By Greta Brereton
Scooti is a new ride-sharing service coming to Melbourne this April. Its point of difference in a crowded market? Passengers will be getting around on two wheels instead of four – the service uses scooters instead of cars.
CEO Cameron Nadi describes himself as a motoring enthusiast, and has been riding bikes since his teens. He was inspired by ride-sharing services like Go-Jek in Southeast Asia (which also focuses on scooters), and believes Scooti will bring a sense of adventure to his customer’s commute.
“More and more Australians are going to Southeast Asia, to Europe, for holidays and getting on the back of scooters and loving it. So we’re bringing that here, we’re making errands an adventure.
“We want the best scooter drivers who are passionate about scooter culture, and who really want to … help commuters get to their destinations a lot quicker,” he says.
In 2015 lane filtering was legalised in Victoria, enabling motorcyclists to ride between lanes of traffic at a speed of 30km/h or less, when safe to do so. Nadi plans on taking advantage of the rule change with Scooti.
“We’re saving significant time, when you’ve got that stand-still traffic that everyone dreads, scooters can just slice right through,” he says.
He believes Scooti will provide Melburnians with an innovative alternative to car ride-sharing services and taxis.
“You see all these scooters zipping past going through traffic with a spare seat – we want to fill that seat.”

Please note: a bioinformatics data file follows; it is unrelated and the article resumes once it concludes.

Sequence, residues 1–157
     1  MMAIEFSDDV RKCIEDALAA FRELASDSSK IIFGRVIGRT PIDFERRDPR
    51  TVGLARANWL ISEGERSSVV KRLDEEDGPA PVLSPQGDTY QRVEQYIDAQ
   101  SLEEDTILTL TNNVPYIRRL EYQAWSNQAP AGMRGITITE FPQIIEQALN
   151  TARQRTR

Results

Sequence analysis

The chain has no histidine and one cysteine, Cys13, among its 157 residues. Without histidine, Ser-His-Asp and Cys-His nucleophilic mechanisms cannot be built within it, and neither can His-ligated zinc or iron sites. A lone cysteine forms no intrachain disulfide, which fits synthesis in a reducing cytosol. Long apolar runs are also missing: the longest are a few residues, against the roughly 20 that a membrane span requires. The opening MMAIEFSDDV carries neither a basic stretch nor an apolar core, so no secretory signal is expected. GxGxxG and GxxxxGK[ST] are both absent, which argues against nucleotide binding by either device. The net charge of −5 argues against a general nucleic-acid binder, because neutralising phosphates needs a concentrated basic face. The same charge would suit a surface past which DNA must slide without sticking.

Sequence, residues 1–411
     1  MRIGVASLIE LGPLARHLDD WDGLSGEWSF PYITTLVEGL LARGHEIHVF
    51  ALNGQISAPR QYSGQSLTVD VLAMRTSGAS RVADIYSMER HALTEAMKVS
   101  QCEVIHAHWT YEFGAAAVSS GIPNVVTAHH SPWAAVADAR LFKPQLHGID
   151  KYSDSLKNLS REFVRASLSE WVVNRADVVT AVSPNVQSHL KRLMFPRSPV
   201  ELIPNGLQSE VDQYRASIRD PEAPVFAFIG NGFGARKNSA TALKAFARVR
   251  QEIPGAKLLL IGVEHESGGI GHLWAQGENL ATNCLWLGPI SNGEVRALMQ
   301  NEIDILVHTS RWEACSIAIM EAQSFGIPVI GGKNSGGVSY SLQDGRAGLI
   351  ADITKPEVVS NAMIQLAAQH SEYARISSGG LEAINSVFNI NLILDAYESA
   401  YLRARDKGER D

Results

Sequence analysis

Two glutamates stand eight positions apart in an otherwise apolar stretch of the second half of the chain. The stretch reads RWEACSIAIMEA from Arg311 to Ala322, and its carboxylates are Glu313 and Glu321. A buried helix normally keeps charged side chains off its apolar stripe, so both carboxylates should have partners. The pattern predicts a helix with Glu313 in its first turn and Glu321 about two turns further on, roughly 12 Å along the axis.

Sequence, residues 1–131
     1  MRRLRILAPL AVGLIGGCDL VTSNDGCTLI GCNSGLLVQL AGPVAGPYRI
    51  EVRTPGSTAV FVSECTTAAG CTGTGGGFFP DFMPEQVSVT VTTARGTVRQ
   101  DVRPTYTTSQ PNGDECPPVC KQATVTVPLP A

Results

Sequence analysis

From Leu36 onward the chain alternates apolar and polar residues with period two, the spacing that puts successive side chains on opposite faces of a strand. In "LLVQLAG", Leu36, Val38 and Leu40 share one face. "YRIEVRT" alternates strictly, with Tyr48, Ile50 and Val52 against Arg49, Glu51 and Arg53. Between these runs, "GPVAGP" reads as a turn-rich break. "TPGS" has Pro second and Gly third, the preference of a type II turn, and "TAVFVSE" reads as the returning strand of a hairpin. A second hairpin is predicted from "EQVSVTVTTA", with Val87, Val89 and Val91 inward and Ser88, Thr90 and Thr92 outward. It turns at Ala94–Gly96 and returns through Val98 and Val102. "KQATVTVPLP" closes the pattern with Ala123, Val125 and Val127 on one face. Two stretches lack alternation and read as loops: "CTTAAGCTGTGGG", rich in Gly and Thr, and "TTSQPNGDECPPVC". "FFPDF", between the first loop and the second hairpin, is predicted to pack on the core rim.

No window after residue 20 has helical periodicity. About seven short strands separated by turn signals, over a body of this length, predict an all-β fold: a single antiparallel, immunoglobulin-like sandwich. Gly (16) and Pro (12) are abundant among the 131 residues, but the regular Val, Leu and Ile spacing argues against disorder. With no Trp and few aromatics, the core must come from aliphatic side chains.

Scooti provides users with a helmet and a hairnet for hygiene reasons, as well as gloves and a poncho for unpredictable Melbourne weather. At the moment the ponchos and hairnets are disposable, but the team is looking into more durable options for regular users.
Users have to download the app to ride, entering both their pick-up location and destination. Like Uber the system is cashless, with payments being processed through the app.
There’ll also be a women-only service, similar to the female-oriented ride-share service Shebah, which launched last year.
“Some of our passengers may want to get on the back with a female, and vice versa, some female drivers only want female passengers,” says Nadi.
Potential drivers can apply through the Scooti website or app. Successful applicants must provide documentation such as their license, registration, insurance details, a police check and safe-driving record. They must also take a practical test to display their bike handling skills. Drivers are also instructed to refuse service to passengers who’ve had too much to drink.
While drivers are encouraged to have their own scooter, Scooti has a small fleet of carbon-neutral Fonzarelli electric scooters. Several drivers have already been recruited, and Nadi aims to have over 100 by the launch in mid-April.